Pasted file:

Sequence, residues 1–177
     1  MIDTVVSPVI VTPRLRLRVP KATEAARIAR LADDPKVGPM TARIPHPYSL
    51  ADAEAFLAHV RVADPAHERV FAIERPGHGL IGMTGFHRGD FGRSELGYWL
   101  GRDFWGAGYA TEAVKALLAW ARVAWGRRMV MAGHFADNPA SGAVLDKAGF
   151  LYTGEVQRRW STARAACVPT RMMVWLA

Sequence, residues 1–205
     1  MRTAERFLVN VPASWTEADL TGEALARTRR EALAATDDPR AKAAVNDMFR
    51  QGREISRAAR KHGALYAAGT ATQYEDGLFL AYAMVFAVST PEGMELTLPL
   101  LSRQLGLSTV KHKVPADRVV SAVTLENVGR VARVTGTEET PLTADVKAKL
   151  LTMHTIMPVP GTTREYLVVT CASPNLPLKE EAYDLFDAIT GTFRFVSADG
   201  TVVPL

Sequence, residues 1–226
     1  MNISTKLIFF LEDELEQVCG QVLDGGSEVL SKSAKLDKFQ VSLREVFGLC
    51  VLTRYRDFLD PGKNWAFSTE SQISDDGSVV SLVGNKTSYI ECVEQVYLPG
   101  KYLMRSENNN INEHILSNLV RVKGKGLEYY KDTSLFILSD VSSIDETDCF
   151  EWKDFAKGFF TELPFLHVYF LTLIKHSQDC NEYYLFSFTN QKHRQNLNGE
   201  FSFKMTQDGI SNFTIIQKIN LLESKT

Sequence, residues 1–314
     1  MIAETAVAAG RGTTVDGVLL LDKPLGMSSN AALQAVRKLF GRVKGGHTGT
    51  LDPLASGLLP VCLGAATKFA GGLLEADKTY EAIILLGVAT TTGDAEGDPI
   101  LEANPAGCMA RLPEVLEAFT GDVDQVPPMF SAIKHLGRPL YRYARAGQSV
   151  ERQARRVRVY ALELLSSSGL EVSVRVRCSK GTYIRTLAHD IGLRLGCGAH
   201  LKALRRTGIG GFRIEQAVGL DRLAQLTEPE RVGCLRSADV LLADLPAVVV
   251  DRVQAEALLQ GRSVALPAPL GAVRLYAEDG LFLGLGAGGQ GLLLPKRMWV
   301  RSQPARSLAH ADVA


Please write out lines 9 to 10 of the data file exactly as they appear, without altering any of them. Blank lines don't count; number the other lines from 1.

   101  LSRQLGLSTV KHKVPADRVV SAVTLENVGR VARVTGTEET PLTADVKAKL
   151  LTMHTIMPVP GTTREYLVVT CASPNLPLKE EAYDLFDAIT GTFRFVSADG